3. #13
    Join Date
    Jun 2012
    Posts
    20
    Thanks
    0
    Thanked
    0
    Reviews
    0
    GP said dehydrated due to slightly sunken fontanelles...
    He is on meds for reflux too! A complicating factor for sure 😞
    Nipples are fine but when he is frustrated and I persist he can do a bit of damage as doesn't latch properly. I swear there is milk there sometimes but it's just not easy enough for him to get so he gives up!
    It's hard to just put him to the breast every time he's fussy and hungry as he does refuse at times.
    I so appreciate the support - I am away from family friends and services so really do feel alone in this some days. I might try the gradual wean and just see what happens! His day sleep is so bad already it can't get much worse!!

  4. #14
    Join Date
    Jun 2009
    Posts
    4,109
    Thanks
    1,604
    Thanked
    2,085
    Reviews
    0
    Achievements:Topaz Star - 500 postsAmber Star - 2,000 posts
    Quote Originally Posted by SeekingAngels View Post
    GP said dehydrated due to slightly sunken fontanelles...
    He is on meds for reflux too! A complicating factor for sure 😞
    Nipples are fine but when he is frustrated and I persist he can do a bit of damage as doesn't latch properly. I swear there is milk there sometimes but it's just not easy enough for him to get so he gives up!
    It's hard to just put him to the breast every time he's fussy and hungry as he does refuse at times.
    I so appreciate the support - I am away from family friends and services so really do feel alone in this some days. I might try the gradual wean and just see what happens! His day sleep is so bad already it can't get much worse!!
    Hugs - my DD napped 3 x 15-20 min a day at that age (her nights were good though). It's so wearying! I'd moved interstate 12 months before I had her and even with health services etc nearby felt very alone.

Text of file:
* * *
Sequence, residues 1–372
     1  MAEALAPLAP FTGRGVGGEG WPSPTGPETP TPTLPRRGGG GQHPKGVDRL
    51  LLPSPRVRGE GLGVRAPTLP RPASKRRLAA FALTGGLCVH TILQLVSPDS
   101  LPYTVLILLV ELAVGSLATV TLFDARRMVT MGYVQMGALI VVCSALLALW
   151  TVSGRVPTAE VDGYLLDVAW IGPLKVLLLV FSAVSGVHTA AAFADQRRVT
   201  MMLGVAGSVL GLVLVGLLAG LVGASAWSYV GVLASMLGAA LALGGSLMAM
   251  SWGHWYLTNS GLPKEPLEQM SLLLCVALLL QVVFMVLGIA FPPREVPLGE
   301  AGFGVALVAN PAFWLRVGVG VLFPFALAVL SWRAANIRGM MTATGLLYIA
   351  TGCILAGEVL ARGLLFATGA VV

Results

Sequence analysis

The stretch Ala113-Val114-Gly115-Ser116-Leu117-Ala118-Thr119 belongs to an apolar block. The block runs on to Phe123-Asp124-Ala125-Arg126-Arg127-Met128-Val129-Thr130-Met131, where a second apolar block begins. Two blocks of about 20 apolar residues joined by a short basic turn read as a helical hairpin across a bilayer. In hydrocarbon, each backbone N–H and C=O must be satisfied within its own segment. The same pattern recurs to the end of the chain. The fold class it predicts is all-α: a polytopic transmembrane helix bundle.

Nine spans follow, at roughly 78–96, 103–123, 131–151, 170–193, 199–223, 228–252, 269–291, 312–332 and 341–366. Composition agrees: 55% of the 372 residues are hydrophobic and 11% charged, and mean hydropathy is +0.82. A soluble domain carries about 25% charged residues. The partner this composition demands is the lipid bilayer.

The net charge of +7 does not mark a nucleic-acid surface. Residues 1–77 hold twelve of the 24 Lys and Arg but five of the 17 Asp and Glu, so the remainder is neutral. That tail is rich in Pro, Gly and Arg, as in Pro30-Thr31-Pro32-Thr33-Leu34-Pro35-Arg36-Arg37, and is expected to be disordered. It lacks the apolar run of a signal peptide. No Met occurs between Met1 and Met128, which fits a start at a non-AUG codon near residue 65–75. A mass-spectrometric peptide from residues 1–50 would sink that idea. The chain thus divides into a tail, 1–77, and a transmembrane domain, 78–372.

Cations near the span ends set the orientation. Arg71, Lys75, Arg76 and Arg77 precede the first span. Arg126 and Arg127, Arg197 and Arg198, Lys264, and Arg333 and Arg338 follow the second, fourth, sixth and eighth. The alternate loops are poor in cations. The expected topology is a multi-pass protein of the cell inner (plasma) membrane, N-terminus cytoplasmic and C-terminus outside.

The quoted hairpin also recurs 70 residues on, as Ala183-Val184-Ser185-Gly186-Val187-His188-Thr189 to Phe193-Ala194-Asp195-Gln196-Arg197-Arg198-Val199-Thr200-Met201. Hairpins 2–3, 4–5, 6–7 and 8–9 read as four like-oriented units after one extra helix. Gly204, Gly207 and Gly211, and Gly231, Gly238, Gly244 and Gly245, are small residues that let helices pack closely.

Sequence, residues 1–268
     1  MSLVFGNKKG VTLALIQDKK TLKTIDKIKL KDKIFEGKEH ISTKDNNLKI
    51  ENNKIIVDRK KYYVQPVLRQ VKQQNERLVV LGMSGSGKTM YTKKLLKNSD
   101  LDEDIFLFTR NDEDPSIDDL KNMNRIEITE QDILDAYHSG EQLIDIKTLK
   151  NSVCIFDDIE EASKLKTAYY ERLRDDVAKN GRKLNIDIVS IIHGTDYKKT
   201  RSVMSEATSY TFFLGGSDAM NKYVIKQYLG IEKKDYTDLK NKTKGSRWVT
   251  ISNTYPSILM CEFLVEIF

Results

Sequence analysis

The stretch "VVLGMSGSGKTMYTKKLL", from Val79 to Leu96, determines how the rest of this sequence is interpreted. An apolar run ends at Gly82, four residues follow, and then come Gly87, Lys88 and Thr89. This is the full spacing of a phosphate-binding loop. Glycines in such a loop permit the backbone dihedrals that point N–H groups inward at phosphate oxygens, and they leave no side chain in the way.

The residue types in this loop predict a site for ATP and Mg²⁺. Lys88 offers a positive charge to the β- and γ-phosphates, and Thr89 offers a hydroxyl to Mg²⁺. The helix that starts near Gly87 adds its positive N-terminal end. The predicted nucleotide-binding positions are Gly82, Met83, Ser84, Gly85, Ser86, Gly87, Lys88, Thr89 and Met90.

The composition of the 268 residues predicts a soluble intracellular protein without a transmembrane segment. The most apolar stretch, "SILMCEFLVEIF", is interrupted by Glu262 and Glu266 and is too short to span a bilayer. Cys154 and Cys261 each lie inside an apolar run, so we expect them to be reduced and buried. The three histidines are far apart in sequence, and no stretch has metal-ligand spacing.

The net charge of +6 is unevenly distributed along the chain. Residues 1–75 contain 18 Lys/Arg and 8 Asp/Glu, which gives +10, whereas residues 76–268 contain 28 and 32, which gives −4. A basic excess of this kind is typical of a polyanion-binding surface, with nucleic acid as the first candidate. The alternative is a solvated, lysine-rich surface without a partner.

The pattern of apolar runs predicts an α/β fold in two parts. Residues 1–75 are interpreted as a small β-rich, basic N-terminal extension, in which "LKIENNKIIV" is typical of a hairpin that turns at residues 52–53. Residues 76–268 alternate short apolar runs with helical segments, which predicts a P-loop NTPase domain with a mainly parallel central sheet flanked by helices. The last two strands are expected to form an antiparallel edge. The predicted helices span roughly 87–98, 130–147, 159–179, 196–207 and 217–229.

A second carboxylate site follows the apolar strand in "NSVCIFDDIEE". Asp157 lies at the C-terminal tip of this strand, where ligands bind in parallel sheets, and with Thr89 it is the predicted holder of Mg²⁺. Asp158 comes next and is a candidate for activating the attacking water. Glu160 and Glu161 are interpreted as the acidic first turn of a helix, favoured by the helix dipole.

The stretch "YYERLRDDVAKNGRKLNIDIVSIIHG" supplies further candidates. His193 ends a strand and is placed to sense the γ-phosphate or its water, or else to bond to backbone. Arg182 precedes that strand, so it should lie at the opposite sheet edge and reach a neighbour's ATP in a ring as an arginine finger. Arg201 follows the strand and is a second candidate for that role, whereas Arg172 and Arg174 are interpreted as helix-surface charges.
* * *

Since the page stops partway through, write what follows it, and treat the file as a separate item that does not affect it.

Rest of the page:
The compressions can help 'push' the milk out so bub doesn't need to work as hard and often gets them to start sucking again.

    Also, with my 2nd, he would get impatient for let down and often pull off and become fussy/refuse to re-latch. To help this I would pinch/rub my nipples on the way to settling down to feed, unclipping bra etc, that was enough to stimulate let down so he'd start getting milk almost as soon as he latched on.

  5. The Following User Says Thank You to Stretched For This Useful Post:

    Atropos  (07-06-2014)


 

Similar Threads

  1. Milk Supply whilst pregnant
    By Summerwinter in forum Breastfeeding Support
    Replies: 5
    Last Post: 09-03-2014, 10:53
  2. Being sick and keeping milk supply
    By Pantsy in forum Breastfeeding Support
    Replies: 3
    Last Post: 07-10-2013, 10:33
  3. Increasing milk supply
    By our4boys in forum Breastfeeding Support
    Replies: 8
    Last Post: 17-09-2013, 14:31

Posting Permissions

  • You may not post new threads
  • You may not post replies
  • You may not post attachments
  • You may not edit your posts
free weekly newsletters | sign up now!
who are these people who write great posts? meet our hubbub authors!
Learn how you can contribute to the hubbub!

reviews
learn how you can become a reviewer!

competitions

forum - chatting now
christmas gift guidesee all Red Stocking
Pebblebee
Parents spend hours looking for things they need NOW. The keys, the remote, darling daughter's treasured teddy. Stop wasting precious time looking & start finding with Bub Hub reviewed Pebblebee Smart Tag. Simply attach a Pebblebee and find it fast.
sales & new stuffsee all
True Fairies
True Fairies is the first interactive website where children can engage and speak with a real fairy through the unique webcam fairy portal. Each session is tailored to the child, and is filled with enchantment and magic.
Visit website to find out more!
featured supporter
Sarah Tooke Childbirth & Parenting Education
Providing private, personalised antenatal childbirth & parenting education to expectant parents in the comfort of their own home. Sessions are flexible, including everything that hospital based programs cover. Click to find out more!
gotcha
X

Pregnant for the first-time?

Not sure where to start? We can help!

Our Insider Programs for pregnancy first-timers will lead you step-by-step through the 14 Pregnancy Must Dos!